In celebration of the bicentennial of David Thompson’s expedition down the Columbia River, the David Thompson Columbia Brigade will be back for another exciting adventure, paddling over 1,800 km through Canada and the United States.
The event honours David Thompson’s journey to the mouth of the Columbia River and meeting the Pacific fur trade company, opening the Columbia River as the last lane of the fur trade highway that was used for almost 50 years.
As of now, 11 teams within the Brigade membership are registered to partake in this event, which is in its third year.
Registration is still open online at www.2011brigade.org. Those hoping to register need to own a voyager canoe and have a membership with the brigade, however.
Teams will be meeting on June 1, with a training session being held on June 2.
On June 3, teams will take to their canoes and paddle from the Village of Canal Flats to the District of Invermere, then set out again for a trip that will take them through 35 participating communities, finishing on July 15.
The June 2 date will have teams leaning how to paddle their canoes, made to look like replicas of the same canoe David Thompson voyaged in during his journey.
Team will also be learning to use their GPS units and two-way radios.
“Think of it as canoe clubs collaborating,” said Ross MacDonald, chair of the David Thompson Columbia Brigade.
“It’s paddling recreation, but also sharing with the communities along the route.
“Non-motorized canoeing is a great recreational activity, and we’ll be saluting the river’s history, along with the communities.”
There will be some canoeing races along the way within the brigade, but only at select community stops.
On June 3, teams will go downstream from Canal Flats and have a ceremonial arrival in Invermere at Kinsmen beach.
“It shakes out the muscles and gets teams used to the paddling together,” said MacDonald.
“The area through Fairmont is narrow and twisty, and it’s perfect for getting them used to the paddling in that sense.”
The team will arrive in Invermere on June 3.
A celebration will be held at Kinsmen Beach with meals, entertainment, aboriginal performers, and the brigadiers giving a formal salute to the community.
The festivities will begin at 2:30 p.m. and end at 5:30 p.m., with the brigadiers arriving and demonstrating around 4:30 p.m.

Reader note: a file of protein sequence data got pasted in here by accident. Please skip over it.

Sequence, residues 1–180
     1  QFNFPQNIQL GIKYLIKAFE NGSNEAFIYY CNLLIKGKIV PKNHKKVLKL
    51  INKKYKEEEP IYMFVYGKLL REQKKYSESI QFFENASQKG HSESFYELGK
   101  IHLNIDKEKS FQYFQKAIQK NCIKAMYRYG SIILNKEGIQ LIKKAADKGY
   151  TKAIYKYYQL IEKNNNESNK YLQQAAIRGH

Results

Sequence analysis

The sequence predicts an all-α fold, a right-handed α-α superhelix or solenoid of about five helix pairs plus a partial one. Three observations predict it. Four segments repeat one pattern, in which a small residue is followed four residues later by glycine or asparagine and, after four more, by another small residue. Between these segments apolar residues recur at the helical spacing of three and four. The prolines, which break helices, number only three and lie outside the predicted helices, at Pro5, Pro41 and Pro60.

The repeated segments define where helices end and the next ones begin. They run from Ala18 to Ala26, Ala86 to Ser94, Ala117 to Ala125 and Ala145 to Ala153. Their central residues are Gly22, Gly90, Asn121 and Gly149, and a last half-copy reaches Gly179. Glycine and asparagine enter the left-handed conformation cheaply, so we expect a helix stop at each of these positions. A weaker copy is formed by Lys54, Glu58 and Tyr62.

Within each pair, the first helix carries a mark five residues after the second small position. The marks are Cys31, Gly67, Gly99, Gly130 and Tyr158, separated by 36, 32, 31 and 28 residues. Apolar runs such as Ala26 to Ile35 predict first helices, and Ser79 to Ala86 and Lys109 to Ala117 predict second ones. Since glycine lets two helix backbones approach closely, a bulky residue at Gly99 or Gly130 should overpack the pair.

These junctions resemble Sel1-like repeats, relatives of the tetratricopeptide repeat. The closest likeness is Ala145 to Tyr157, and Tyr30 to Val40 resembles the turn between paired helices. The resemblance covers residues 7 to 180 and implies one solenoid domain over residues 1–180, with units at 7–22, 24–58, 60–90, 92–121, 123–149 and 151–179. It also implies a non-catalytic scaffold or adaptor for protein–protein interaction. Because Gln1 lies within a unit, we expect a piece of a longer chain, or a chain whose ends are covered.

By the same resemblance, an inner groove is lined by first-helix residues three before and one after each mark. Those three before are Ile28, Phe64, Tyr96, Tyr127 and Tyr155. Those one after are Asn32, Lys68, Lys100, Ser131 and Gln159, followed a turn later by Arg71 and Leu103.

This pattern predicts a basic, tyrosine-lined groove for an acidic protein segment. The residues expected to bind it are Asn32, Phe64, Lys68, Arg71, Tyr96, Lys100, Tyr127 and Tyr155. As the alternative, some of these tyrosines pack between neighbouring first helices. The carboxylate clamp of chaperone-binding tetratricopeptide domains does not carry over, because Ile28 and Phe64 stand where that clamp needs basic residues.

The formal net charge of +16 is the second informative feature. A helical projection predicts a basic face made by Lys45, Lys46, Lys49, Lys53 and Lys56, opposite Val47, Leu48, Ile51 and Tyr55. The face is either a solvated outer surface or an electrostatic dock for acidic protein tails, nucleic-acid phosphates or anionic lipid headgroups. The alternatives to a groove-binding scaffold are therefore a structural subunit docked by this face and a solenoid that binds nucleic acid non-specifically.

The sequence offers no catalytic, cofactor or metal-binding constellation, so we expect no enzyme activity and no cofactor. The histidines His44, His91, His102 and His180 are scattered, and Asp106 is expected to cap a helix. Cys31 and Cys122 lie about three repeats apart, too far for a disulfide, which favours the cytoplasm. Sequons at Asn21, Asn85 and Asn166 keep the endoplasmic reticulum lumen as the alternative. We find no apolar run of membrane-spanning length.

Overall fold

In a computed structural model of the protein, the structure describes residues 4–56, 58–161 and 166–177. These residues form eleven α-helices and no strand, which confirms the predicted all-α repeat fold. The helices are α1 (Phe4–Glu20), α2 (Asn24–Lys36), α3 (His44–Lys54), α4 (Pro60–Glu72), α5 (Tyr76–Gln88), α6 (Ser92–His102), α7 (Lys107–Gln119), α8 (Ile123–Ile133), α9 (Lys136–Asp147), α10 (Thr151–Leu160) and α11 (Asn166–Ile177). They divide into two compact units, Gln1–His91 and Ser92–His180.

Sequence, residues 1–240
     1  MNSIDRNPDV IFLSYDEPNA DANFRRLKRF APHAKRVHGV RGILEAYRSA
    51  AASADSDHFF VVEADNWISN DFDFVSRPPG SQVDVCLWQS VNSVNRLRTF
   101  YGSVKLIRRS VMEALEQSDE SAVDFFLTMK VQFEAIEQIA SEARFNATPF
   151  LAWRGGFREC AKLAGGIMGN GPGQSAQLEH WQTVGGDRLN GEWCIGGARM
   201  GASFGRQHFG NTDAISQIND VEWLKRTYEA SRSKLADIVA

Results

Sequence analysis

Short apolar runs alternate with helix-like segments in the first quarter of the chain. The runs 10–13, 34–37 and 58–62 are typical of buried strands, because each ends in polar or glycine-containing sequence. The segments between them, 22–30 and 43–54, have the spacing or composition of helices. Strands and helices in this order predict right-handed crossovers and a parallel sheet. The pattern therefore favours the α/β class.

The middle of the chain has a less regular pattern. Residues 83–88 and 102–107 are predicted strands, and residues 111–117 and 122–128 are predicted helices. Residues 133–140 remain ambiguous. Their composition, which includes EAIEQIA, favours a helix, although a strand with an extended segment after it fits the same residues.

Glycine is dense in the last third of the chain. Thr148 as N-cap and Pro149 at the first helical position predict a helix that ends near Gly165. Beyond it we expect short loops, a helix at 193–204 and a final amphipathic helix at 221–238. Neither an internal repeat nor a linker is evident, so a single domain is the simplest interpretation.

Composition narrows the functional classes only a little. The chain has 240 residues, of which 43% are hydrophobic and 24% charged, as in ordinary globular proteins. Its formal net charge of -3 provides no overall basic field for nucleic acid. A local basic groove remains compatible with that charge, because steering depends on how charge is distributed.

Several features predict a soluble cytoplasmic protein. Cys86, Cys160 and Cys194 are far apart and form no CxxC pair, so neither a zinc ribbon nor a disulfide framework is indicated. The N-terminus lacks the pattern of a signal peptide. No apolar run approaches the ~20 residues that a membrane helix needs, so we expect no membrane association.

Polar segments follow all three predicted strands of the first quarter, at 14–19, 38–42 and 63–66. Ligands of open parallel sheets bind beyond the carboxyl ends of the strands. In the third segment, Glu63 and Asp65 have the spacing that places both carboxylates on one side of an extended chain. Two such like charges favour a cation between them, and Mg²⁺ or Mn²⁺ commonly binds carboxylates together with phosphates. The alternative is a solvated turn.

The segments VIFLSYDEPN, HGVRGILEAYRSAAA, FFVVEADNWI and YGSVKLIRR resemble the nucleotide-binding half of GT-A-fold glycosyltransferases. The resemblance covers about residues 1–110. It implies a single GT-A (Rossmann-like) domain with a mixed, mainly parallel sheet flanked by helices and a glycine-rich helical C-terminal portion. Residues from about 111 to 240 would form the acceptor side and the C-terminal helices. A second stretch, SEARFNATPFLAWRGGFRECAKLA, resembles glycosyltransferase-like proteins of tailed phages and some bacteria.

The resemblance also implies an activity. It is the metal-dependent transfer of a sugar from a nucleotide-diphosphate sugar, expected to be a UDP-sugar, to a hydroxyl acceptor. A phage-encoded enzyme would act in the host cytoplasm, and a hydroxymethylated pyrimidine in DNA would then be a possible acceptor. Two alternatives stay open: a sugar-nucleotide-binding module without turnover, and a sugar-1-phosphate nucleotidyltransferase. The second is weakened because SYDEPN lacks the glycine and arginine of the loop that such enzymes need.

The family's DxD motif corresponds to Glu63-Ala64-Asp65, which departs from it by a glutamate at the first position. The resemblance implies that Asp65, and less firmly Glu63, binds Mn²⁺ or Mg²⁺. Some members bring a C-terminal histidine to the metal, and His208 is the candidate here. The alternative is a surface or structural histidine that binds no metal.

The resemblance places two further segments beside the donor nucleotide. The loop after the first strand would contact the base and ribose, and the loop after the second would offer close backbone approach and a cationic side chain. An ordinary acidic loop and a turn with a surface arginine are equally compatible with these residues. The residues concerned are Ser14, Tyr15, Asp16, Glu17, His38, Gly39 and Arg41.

A limited number of guests will also be allowed to try out paddling in the canoes.
A plank-salmon dinner and dance at the Royal Canadian Legion Branch No. 71 at 6:30 p.m. with additional entertainment top off the evening.
In 2007, the David Thompson Columbia Brigade saw 100 paddlers, and in 2008, 300 paddlers participated, the largest recreational canoeing event recorded in Canada.
“This is one of the major wrap-up activities of the David Thompson bicentennial,” said MacDonald, who has been volunteering with the David Thompson bicentennial events for over 10 years.
David Thompson was a fur trade, explorer, surveyor, map-maker and more 200 years ago.
Thompson reached the Pacific Ocean, adding the Columbia River as the final leg of the fur trade highway between Montreal and the Pacific.
This route became a major means of trade across the Rocky Mountains by the twice-annual Columbia Express, and later adapted by the Hudson’s Bay Company to become the York Factory Express.
During the fur trade era, aboriginal and European people collaborated together, exchanging furs and other goods from the land from far away, where they could be spread across the country using the river route.
The fur trade exploration is often considered one of the greatest shapers of the boundaries of Canada and the United States.
For more information on the brigade, visit www.2011brigade.org.
You can also go to www.davidthompson200.org for more information and activities which will be happening around the David Thompson bicentennial celebrations.